Dean Martin first performed in Las Vegas in 1949 at the Flamingo Hotel with Jerry Lewis. Martin and Lewis were at the height of their nightclub career. Together they were paid $15,000 a week. By the end of the first week, Jerry Lewis had run up a casino debt of $137,000. In 1952, the Sands Hotel opened under the baton of Entertainment Director, Vice-President and later President Jack Entratter, the night club impresario from New York's Copacabana Club. Entratter brought the biggest names in show business to the Sands by offering the biggest money. Entratter's headliners included Danny Thomas, Tallulah Bankhead, Tony Bennet, Edith Piaf, Lena Horne and of course Frank Sinatra. Sinatra in turn brought his friends, especially Sammy Davis, Jr., Joey Bishop and Dean Martin. Sinatra's Rat Pack presided over the Sands in its hey-day, lending their glamour to a town dominated by gambling and the mob. It was the entertainers who made Las Vegas a legitimate resort town.
Frank Sinatra had been a part of a Hollywood drinking group that gathered around Humphrey Bogart and Lauren Bacall known as the Holmby Hills Rat Pack. After Bogart's death Sinatra held court with his own friends, Dean Martin, Joey Bishop, Sammy Davis, Jr., Peter Lawford, and Shirley MacLaine -- the Clan. Dean Martin was not one to play the sycophant and although close to Sinatra, he was never dependent upon him. Dino never liked being "one of the guys" but he liked performing with Sinatra.
The Rat Pack came to prominence in January 1959: that year Sinatra conducted the orchestra on Dean's album Sleep Warm; the film Some Came Running with Sinatra, MacLaine and Martin opened; and on January 28, Sinatra joined Dean onstage at the Sands for the first time. It would become a routine. And they would become legend in Las Vegas.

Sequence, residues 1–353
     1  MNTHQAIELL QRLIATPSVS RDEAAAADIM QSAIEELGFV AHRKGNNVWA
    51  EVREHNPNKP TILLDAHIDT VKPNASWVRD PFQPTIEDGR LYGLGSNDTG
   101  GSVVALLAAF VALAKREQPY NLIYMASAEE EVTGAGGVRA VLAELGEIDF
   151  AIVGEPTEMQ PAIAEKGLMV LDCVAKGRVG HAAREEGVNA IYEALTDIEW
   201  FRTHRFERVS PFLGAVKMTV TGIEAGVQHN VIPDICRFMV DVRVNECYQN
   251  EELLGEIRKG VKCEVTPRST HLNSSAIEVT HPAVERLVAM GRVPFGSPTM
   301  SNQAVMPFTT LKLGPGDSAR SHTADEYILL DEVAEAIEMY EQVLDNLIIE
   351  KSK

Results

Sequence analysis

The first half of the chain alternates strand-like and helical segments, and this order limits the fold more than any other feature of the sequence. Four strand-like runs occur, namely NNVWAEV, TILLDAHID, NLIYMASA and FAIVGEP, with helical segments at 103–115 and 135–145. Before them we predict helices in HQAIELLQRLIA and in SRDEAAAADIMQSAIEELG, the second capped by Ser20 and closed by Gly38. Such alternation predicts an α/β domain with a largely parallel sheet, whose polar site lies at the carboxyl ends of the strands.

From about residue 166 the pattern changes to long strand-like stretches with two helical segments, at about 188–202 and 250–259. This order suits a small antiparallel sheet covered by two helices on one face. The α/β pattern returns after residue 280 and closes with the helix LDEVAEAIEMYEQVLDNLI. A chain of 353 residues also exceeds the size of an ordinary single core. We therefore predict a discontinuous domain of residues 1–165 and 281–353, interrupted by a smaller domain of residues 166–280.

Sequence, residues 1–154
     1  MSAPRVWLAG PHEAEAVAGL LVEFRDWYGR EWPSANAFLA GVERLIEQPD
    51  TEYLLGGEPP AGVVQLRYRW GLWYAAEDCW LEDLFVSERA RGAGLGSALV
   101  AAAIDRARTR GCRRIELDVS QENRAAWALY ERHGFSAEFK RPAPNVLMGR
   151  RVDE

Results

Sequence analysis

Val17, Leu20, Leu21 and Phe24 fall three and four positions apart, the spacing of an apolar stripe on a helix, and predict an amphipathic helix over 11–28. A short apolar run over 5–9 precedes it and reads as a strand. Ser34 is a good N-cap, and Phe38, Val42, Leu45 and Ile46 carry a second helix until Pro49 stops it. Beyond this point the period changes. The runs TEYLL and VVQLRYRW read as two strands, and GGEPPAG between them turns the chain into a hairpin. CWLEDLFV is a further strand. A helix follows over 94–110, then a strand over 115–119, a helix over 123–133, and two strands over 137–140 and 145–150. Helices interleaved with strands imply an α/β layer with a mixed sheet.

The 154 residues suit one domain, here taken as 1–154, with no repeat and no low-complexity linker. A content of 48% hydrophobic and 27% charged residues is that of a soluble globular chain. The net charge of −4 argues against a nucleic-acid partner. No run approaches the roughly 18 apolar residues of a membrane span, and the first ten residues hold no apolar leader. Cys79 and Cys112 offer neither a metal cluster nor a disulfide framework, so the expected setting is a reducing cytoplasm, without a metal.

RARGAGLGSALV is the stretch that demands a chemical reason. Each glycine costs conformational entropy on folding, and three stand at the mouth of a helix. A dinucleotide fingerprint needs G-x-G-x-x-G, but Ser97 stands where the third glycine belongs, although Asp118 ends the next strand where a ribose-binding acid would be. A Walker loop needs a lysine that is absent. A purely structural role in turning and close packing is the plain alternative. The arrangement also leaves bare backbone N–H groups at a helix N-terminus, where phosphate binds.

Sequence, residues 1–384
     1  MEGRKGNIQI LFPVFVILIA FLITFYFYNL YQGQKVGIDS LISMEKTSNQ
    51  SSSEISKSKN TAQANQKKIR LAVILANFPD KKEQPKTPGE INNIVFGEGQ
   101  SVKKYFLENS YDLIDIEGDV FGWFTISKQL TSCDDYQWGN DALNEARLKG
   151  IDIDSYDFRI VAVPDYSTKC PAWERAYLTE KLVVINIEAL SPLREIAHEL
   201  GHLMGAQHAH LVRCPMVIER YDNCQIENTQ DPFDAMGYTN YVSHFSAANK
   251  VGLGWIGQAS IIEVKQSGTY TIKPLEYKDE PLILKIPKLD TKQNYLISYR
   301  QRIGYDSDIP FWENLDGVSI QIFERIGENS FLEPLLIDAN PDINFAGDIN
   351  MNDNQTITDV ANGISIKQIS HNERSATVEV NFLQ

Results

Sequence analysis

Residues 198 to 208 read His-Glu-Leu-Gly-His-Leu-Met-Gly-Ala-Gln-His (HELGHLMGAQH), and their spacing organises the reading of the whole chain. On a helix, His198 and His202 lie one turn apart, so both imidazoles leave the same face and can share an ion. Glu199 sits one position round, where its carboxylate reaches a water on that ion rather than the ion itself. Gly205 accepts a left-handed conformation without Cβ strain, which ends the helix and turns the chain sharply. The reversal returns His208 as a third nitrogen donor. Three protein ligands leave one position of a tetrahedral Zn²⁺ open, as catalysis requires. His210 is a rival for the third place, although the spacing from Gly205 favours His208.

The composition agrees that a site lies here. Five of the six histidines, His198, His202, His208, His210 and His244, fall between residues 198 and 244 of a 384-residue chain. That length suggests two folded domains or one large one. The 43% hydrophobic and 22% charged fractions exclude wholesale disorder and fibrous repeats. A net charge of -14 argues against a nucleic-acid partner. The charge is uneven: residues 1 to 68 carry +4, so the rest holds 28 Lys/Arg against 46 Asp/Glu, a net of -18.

Sinatra changed the name from "Clan", with its racist connotations, to the Rat Pack, when Sinatra was courting the Kennedy clan in 1960. Kennedy came to see them perform at the Sands and was royally entertained by Jack Entratter and company. The Pack sang the national anthem to open the 1960 Democratic National Convention in Los Angeles, which nominated Kennedy for President. They christened their Sands performances "Rat Pack Summits" in honor of the Kennedy-Kruschev Summit.
Ocean's Eleven, the Pack's film legacy, was shot in Las Vegas. They all had parts. Sinatra produced it and starred as Danny Ocean, the mastermind of a five-casino heist carried out with his World War II buddies. From January 26 - February 16, the Rat Pack filmed by day and took to the stage at the Sands by night much to the delight of the Sands execs.
Not long after Howard Hughes bought the Sands Hotel in 1967, Frank Sinatra had a falling out with the management after they cut off his credit in the Casino. After throwing some furniture at Casino boss Carl Cohen, who promptly punched out some of his teeth, Sinatra signed a contract with Caesar's Palace. It was expected that his friends would follow their leader's exodus from the Sands. Speculation swirled fiercely around Dean Martin, the Sands biggest draw. But to Dino, friendship with Sinatra did not require such macho displays of loyalty, and he negotiated another year's contract with the Sands. But without Sinatra and Jack Entratter, who soon left, the Sands would never be the same, and in 1969 Dino was persuaded by his pal Eddie Torres to move to the Riviera, where tickets for a Dean Martin show cost more than tickets for Sinatra's shows at Caesars.